The problem is this movie doesn’t work about as often as it does. It seemed as interested in melodrama as in actual drama, in sentimentality as in actual sentiment, in story as in actual history. And it seemed more interested in Hoover’s sexuality than anything else, which I suppose is fine, but even that aspect of his life still remained mostly unexplored. What did I learn about Hoover here? Nothing. Did I manage to feel anything towards him that I hadn’t already felt? No. Who is J. Edgar Hoover? The jury’s still out. He’s as much a mystery after the film as before, and the times in the movie where they attempt to fill in gaps and answer some of our questions, we instinctually feel history being cheated or falsified. Of course, that’s what all historical movies do, they invent a history that somewhat fits the facts, but here it felt especially egregious. J. Edgar leaves me creepily wishing that someone had a whole file cabinet full of secret files on Hoover himself so I could get the real story of his life, instead of this mostly speculative, melodramatic morality play. As a tale about a guy who solely looked at the world in black and white told mostly in shades of gray, this is a somewhat interesting exploration of an endlessly fascinating figure, but it’s nuance isn’t entirely artful, and the times it actually attempts to say something specific, the something more often than not rings false. It’s not a bad film, but DiCaprio’s performance, like Clooney’s in The Descendants, deserved something better.
Reel Rating: 4.5 out of 5
“As long as there are Muppets, for me there is still hope,” says Walter, the new Muppet introduced in The Muppets, the first Muppet movie in over a decade. Anyone of a certain age can appreciate that sentiment. The Muppets, Jim Henson’s flagship creation, are all about the exhilaration of putting on a show, the surreality of existence, the pleasure of a good laugh, the comfort in togetherness, and the joy of life–things kids and adults alike can appreciate. They represent hope; and I had hoped they’d be portrayed correctly in this new addition to the franchise. I was very pleased to see all my hopes realized. The characters were not only treated with respect and love, but were given a movie in which to thrive. They were allowed to be their classic selves, but also they were allowed to be fresh, to be new, and thus this could revitalize the brand. It’s a movie that reminds us not only why we loved The Muppets in the first place, but gives us new reason to love them all over again.
In this new movie, an unabashedly self-conscious and self-referential outing, the Muppets admit they’ve passed their prime and try to win back favor by “getting the gang back together” and “putting on one great show.” And it is a great show, full of funny gags, catchy tunes, loveable characters, celebrity cameos and heartfelt sentiment–you know, all the things that define The Muppets in their best incarnations. I think Jim Henson would be proud of The Muppets, this new movie featuring his beloved characters. I’d argue it’s the best possible Muppets movie to be made post-Henson.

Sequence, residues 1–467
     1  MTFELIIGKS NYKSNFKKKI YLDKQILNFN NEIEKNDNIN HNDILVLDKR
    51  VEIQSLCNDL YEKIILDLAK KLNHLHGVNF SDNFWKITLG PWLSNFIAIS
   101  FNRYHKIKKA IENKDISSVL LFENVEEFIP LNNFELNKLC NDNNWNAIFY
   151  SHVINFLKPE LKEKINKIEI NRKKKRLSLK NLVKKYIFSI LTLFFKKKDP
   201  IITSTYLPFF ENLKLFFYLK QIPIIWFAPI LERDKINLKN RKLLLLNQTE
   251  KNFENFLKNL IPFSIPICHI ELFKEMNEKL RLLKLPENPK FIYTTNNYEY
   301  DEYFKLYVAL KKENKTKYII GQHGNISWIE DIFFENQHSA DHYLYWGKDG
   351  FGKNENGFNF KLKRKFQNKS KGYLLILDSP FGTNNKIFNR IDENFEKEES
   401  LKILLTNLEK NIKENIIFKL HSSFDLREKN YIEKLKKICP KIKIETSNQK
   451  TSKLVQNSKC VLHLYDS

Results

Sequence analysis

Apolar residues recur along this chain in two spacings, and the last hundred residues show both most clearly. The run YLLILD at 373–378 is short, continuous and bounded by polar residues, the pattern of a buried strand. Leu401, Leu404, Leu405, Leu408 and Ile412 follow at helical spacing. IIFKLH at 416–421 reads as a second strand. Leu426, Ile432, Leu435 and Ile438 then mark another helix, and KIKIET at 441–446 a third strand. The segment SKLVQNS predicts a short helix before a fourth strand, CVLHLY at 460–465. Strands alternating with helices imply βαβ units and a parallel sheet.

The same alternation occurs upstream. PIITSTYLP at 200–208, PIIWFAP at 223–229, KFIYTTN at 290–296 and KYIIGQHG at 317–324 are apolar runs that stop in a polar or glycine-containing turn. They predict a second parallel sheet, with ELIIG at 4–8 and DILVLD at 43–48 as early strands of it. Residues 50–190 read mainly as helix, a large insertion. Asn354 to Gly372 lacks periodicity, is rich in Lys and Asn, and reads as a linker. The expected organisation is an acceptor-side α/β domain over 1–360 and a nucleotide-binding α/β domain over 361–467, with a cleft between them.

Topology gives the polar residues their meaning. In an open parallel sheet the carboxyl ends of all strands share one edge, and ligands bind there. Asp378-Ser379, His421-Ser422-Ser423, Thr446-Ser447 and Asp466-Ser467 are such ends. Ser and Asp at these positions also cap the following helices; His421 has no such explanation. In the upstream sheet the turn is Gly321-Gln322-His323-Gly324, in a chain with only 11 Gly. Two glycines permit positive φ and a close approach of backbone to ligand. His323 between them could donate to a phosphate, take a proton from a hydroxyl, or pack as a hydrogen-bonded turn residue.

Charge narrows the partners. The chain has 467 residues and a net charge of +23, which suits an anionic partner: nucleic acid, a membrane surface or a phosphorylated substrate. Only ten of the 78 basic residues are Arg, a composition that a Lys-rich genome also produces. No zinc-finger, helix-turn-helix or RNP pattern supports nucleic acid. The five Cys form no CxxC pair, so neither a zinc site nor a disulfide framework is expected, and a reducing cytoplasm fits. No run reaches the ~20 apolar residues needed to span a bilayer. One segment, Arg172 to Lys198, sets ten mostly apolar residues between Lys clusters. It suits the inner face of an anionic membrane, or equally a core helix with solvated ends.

Hugo is a film directed by Martin Scorsese and written by John Logan, based on the book by Brian Selznick. It stars Asa Butterfield, Chloe Grace Moretz, Ben Kingsley and Sacha Baron Cohen. Set in 1930s Paris, an orphan who lives in the walls of a train station is wrapped up in a mystery involving his late father and an automaton.
J. Edgar is a film directed by Clint Eastwood and written by Dustin Lance Black. It stars Leonardo DiCaprio, Armie Hammer and Naomi Watts. As the face of law enforcement in America for almost 50 years, J. Edgar Hoover was feared and admired, reviled and revered. But behind closed doors, he held secrets that would have destroyed his image, his career and his life.
The Muppets is a film directed by James Bobin, and written by Jason Segel and Nicholas Stoller, based on characters created and developed by Jim Henson and Him Henson Productions. It stars Jason Segel, Amy Adams and Chris Cooper. With the help of three fans, The Muppets must reunite to save their old theater from a greedy oil tycoon.
Written by Tyler Malone
Photography Courtesy of Paramount Pictures
Design by Jillian Mercado
Press Photo from Hugo, Photography Courtesy of Paramount Pictures